Perfect for fans of Marie Benedict and Renée Rosen, Daughter Dalloway is both an homage to the Virginia Woolf classic and a brilliant spin-off—the empowering, rebellious coming-of-age story of Mrs. Dalloway’s only child, Elizabeth.
London, 1952: Forty-six-year-old Elizabeth Dalloway feels she has failed at most everything in life, especially living up to her mother, the elegant Mrs. Dalloway, an ideal socialite and model of perfection until she disappeared in the summer of 1923—and hasn’t been heard from since.
When Elizabeth is handed a medal with a mysterious inscription from her mother to a soldier named Septimus Warren Smith, she’s certain it contains a clue from the past. As she sets out, determined to deliver the medal to its rightful owner, Elizabeth begins to piece together memories of that fateful summer.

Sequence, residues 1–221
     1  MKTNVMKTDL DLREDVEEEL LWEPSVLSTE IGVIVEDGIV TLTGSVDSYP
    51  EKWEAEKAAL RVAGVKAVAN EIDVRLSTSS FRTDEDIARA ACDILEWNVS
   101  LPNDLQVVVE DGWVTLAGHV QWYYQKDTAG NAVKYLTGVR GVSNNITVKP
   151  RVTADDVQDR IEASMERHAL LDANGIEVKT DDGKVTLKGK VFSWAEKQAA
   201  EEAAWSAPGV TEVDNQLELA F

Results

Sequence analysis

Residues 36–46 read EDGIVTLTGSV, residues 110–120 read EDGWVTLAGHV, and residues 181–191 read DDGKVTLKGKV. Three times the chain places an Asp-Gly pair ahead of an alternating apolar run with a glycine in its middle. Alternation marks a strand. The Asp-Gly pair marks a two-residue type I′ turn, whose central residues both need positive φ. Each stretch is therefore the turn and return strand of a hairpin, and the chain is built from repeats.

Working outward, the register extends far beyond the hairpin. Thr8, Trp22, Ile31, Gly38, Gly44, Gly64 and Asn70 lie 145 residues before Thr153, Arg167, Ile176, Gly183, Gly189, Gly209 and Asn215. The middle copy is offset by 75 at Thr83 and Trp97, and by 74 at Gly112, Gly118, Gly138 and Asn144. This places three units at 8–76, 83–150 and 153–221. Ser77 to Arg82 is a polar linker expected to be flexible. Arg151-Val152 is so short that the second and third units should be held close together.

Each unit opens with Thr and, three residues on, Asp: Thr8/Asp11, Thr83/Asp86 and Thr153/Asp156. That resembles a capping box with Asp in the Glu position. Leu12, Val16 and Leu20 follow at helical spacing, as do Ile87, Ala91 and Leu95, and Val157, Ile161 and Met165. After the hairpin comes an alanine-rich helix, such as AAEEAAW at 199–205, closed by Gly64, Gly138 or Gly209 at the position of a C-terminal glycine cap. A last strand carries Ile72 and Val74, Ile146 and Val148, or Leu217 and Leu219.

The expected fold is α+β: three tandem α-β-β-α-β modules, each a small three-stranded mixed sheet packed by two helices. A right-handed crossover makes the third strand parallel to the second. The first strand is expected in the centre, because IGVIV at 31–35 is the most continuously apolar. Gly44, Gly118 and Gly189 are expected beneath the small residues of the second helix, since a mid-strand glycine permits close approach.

London, 1923: At seventeen, Elizabeth carouses with the Prince of Wales and sons of American iron barons and decides to join the Bright Young People—a group of bohemians whose antics often land in the tabloids. She is a girl who rebels against the staid social rules of the time, a girl determined to do it all differently than her mother. A girl who doesn’t yet feel like a failure.
That summer, Octavia Smith braves the journey from the countryside to London, determined to track down her older brother Septimus who returned from the war but never came home. She falls in with a group of clever city boys who have learned to survive on the streets. When one starts to steal her heart, she must discover whether he is a friend or foe—and whether she can make it in the city on her own.
Elizabeth and Octavia are destined to cross paths, and when they do, the truths they unearth will shatter their understanding of the people they love most.